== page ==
The RTX 4070Ti launches today at CES, yet somehow it has already experienced a turbulent start to life. Originally launched as the ‘RTX 4080 12GB’ back in September 2022, this card was pulled by Nvidia at the last minute due to widespread media and consumer criticism. The criticism was centred around the GPU die used in this card. Originally adorning the RTX 4080 12GB name, it was fitted with a less powerful GPU die than its 16GB RTX 4080 bigger brother – despite the naming scheme implying only the memory was different. Some argued that this was to draw people in with the flashy 4080 naming scheme, while others argued pitching this card higher allowed Nvidia to command a bigger price tag for an inferior GPU die.
Regardless, Nvidia made the right call to pull the card and relaunch it as the RTX 4070Ti. The issue was never that different cards boasted different dies, it was that when doing so, they should always have a different SKU name. But that’s enough about controversy for now, let’s look at the RTX 4070Ti at face value, and determine whether this is a worthwhile buy.
Boasting 12GB of GDDR6X video memory, a speedy 2.6GHz boost clock speed, and Nvidia’s latest RT and Tensor cores, the RTX 4070Ti boasts an impressive spec list in line with the other Ada Lovelace GPU releases to date. Nvidia are pitching this card as a prime option for 1440p gaming, and from our testing, it also shows plenty of power at 4K. Ray Tracing is ever present, as is Nvidia’s latest DLSS 3.0 technology – both of which provide a marked improvement over AMD’s equivalent technologies.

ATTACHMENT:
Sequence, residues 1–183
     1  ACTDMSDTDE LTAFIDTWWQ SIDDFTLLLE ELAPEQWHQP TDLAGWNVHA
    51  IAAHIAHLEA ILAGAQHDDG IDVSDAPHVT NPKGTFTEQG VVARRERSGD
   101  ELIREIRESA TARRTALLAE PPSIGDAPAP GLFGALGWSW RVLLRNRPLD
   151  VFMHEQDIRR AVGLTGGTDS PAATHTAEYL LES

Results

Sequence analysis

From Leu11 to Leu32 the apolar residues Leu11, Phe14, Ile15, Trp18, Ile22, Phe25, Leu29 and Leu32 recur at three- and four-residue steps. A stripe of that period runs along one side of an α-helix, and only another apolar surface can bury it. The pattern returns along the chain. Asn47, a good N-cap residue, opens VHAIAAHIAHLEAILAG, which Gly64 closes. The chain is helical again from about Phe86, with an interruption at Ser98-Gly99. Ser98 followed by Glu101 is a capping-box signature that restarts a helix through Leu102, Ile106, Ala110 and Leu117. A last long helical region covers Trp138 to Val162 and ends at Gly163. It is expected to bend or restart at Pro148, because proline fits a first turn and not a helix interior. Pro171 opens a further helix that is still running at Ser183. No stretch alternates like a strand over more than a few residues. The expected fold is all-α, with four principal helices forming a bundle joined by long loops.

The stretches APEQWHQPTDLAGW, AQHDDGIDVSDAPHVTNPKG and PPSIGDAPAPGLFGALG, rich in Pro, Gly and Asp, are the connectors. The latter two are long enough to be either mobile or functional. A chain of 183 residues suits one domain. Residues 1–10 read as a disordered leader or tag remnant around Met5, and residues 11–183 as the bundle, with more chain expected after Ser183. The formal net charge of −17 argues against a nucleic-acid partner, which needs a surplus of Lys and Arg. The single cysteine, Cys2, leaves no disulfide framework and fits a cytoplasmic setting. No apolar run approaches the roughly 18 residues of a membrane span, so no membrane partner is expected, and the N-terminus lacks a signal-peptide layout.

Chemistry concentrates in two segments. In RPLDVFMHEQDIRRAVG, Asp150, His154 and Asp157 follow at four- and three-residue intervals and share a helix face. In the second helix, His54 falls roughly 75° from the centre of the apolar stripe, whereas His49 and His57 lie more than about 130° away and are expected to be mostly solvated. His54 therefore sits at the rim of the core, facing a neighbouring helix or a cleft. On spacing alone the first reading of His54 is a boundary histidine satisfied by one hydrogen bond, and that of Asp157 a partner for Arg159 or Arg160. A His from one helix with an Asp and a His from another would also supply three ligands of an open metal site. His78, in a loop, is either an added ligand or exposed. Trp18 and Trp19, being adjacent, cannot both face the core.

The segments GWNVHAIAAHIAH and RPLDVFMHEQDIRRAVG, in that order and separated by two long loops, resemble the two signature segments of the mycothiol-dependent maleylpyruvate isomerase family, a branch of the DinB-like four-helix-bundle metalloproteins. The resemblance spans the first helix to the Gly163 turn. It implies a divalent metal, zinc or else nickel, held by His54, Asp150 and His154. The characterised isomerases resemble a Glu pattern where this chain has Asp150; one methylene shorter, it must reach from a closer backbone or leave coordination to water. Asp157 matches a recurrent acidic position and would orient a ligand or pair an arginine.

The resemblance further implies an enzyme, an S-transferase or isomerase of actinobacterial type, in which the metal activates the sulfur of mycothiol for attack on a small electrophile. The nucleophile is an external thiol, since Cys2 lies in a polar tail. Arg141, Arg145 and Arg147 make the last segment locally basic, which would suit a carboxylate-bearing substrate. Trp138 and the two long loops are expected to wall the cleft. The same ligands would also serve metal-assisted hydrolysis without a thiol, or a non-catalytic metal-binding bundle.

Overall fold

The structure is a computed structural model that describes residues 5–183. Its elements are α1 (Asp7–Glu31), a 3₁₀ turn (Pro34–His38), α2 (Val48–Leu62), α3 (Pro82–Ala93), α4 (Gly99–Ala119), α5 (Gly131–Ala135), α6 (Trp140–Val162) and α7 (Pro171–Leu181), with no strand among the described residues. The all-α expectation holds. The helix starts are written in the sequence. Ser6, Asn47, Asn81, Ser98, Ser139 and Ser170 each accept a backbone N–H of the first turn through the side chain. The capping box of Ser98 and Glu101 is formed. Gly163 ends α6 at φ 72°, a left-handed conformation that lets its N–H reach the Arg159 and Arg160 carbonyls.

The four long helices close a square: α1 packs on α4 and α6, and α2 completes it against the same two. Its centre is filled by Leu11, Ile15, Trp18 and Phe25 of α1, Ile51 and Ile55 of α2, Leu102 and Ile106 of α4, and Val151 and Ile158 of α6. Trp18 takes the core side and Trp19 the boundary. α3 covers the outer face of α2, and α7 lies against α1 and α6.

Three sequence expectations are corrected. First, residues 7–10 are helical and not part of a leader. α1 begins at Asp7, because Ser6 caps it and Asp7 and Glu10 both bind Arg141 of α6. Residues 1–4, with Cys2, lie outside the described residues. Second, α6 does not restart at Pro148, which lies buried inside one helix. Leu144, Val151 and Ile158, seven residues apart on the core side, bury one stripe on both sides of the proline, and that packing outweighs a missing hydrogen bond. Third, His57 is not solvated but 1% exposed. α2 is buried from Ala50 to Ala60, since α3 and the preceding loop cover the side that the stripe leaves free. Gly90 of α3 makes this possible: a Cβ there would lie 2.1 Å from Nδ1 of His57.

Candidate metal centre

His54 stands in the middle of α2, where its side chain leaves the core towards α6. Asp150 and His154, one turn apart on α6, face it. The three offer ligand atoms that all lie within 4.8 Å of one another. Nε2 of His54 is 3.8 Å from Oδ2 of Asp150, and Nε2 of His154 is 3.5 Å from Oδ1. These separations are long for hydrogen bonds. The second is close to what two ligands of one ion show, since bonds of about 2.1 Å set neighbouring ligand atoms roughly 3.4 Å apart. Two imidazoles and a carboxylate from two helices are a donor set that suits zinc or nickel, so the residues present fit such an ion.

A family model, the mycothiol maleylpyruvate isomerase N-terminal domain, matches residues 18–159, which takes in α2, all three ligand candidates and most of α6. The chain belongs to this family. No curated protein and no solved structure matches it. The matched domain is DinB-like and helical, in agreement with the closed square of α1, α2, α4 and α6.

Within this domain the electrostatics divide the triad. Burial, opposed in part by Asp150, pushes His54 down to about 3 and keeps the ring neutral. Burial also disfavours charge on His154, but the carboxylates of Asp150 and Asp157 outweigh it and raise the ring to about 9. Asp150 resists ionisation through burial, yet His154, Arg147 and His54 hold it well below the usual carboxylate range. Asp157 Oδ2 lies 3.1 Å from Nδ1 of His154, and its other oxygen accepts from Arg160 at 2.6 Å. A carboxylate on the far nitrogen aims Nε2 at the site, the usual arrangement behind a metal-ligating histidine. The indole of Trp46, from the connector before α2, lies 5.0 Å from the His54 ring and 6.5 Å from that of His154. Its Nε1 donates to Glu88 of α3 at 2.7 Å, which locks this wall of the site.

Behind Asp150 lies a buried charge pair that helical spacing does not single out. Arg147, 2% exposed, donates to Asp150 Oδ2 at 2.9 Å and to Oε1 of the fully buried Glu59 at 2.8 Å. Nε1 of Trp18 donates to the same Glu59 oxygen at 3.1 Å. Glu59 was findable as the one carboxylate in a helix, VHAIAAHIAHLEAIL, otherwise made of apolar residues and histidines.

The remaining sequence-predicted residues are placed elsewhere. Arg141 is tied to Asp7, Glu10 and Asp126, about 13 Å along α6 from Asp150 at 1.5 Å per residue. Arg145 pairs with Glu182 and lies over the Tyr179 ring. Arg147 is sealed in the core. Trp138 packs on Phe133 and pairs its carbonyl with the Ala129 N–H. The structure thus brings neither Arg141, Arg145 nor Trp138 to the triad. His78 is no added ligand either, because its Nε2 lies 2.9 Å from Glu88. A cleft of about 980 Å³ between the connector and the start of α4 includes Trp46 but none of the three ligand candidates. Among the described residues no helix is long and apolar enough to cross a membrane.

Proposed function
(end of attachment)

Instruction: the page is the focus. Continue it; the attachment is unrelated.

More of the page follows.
Buy the Gigabyte Eagle OC RTX 4070Ti on:
Much like the RTX 4080 and RTX 4090 that we have seen so far, the RTX 4070Ti is built around Nvidia’s newest ADA Lovelace architecture. The architecture has been very impressive in our testing of both of these GPUs, showing a solid uplift in performance over the Ampere RTX 3000 cards that came before it.
If anything, the architecture has been pretty faultless in our testing so far, with our criticisms of the 4080 and 4090 more centred around price instead of performance or architectural capability, which brings impressive performance gains over previous generation GPUs.
With it, ADA Lovelace ushers in a vast array of improvements to Nvidia’s pillar technologies: Ray Tracing and DLSS. The newest version of DLSS, DLSS version 3.0, provides the largest uplift in performance of the resolution scaler yet. DLSS essentially uses AI to transform the traditional resolution scaler. This allows the GPU to render an image (in our case the frame of a game), at a lower resolution, while powerful AI tech upscales it back to your displays native resolution. This means you get the additional frame rate provided by rendering at a lower resolution, with less pixels, but with minimal visual fidelity loss. In the case of this GPU, it allows for solid 4K performance with Ray Tracing, something which would have otherwise been out of reach in many titles without DLSS 3.0.
DLSS 3.0 brings a new price of technology called Frame Generation in to the mix. Frame Generation takes things a step further by using two consecutive frames to determine a natural midpoint between the two. This essentially drops in extra frames in realtime, allowing for an even greater frame rate upside. The only major catch with DLSS 3.0 is that you must have an RTX 4000 GPU, the hardware required doesn’t feature in 3000 series cards, and it isn’t supported by a huge array of games yet. Thankfully, adoption of DLSS 1.0 and 2.0 was pretty rapid by game developers, and we aren’t at all concerned about DLSS 3.0 uptake amongst game developers. It is a case of when, and not if.
Ray-Tracing is also improved with Ada Lovelace, and while the uplift isn’t quite as strong as with Ampere, performance is still improved and sizeably better than AMD in this regard. This is something which can only be a good thing for Ada Lovelace, as well as the RTX 4070Ti’s consumer appeal when weighing it up against the competition.